Why English-Speaking Jews Call It "Passover" Rather Than "Pesah"

One never hears Jews speak among themselves of Sukkot as the holiday of Booths, or of Rosh Hashanah as New Year’s Day. Why the difference?

Workers making matzah for Passover in Bnei Brak, Israel in 2020. Guy Prives/Getty Images.

Workers making matzah for Passover in Bnei Brak, Israel in 2020. Guy Prives/Getty Images.

April 20 2022
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It is a curious fact that, when referring to their holidays, Jewish speakers of English commonly use a native English term only for one of them—namely, Passover. One almost never hears Jews speak among themselves of Sukkot (or Sukkes, if they prefer the Ashkenazi pronunciation) as the holiday of Tabernacles or Booths, or of Shavuot (or Shavues) as Pentecost. Yom Kippur is Yom Kippur, not the Day of Atonement, and Rosh Hashanah is Rosh Hashanah, never New Year’s Day. We say “Purim,” “Hanukkah,” and “Simḥat Torah” (or “Simkhes Torah”), not “the Feast of Esther,” “the Feast of Lights,” or “the Rejoicing of the Law.” Passover is the exception.

Of course, English-speaking Jews also commonly call Passover by its Hebrew name of Pesaḥ, and as a rule of thumb, the more observant they are, the more likely they are to do so. But even coming from a ḥaredi Jew, “Passover” would not seem very odd, while “Tabernacles” or “Booths” would seem so even from a Reform Jew. And were one to try explaining this by saying, “But Tabernacles or Booths sounds ridiculous, whereas Passover sounds perfectly natural,” one would be begging the question. It sounds natural because we’re used to it. Suppose we were suddenly required to call Passover “Skipover”: would that sound any less outlandish than Booths?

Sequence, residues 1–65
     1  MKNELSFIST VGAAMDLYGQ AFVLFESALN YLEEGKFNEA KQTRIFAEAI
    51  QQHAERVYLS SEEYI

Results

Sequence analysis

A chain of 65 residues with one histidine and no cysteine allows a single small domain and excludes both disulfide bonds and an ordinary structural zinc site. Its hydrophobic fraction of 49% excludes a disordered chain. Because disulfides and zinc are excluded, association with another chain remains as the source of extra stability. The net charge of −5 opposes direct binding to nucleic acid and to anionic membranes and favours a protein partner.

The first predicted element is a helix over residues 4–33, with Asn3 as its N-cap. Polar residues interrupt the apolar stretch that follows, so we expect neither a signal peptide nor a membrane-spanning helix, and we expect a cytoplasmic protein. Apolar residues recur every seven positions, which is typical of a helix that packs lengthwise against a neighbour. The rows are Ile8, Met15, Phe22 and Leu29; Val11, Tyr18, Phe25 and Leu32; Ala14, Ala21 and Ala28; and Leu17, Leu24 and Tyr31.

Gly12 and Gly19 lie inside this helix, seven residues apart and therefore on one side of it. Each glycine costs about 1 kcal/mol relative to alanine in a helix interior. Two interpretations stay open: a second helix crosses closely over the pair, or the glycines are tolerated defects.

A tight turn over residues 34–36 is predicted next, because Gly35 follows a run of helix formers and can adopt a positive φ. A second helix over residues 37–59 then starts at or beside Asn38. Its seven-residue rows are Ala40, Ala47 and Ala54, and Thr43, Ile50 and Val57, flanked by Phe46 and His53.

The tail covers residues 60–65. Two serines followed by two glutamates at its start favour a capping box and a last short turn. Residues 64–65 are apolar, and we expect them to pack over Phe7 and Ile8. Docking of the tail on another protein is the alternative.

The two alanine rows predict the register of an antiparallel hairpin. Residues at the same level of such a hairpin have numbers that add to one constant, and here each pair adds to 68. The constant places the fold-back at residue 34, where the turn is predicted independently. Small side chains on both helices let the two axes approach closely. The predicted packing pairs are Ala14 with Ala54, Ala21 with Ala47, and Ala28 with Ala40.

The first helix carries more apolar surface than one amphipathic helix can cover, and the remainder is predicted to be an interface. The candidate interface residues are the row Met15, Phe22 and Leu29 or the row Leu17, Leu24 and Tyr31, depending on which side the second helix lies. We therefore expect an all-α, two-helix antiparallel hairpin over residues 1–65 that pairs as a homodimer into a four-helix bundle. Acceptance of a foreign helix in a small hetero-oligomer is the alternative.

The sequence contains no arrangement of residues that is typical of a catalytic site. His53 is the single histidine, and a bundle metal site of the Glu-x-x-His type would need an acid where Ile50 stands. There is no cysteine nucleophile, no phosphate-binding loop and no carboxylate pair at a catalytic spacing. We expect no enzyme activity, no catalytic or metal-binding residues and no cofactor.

A second explanation makes more sense—namely, that “Passover” and “Pesaḥ” have the same initial consonants, so that the English term has struck Jews as a better match for the Hebrew one than have the English terms for the other holidays. This may be some truth in this. Yet even if there is, it is only part of the story—and the weightier part has more to do with the history of Christian Bible translation than with Jews.

The coiner of the term “Passover” was the English Bible translator William Tyndale (1494-1536), who regularly used it for the many appearances of pesaḥ in the Five Books of Moses. Tyndale was an early partisan of the Reformation who left England, then still a Catholic country, in 1524 for Protestant regions of Germany and Flanders, where he translated the New Testament and sections of the Old. (The remainder was finished by successors after his death.) A fierce critic of the papacy, he published his translation of the Pentateuch in 1530, 80 years before the King James Version and a century-and-a-half after the 14th-century Bible of his English predecessor John Wycliffe. In 1535 he was abducted by Catholics from his residence in Antwerp, tried and convicted on charges of heresy, and executed by strangulation at the stake.

The Hebrew word pesaḥ, a noun formed from the verb pasaḥ, to pass or skip over, occurs for the first time in the Bible in Chapter 12 of Exodus, in which God instructs the Israelites how to leave Egypt. Here, is Tyndale’s version of Exodus 12:11, which deals with the lamb each family is to slaughter and eat before setting out: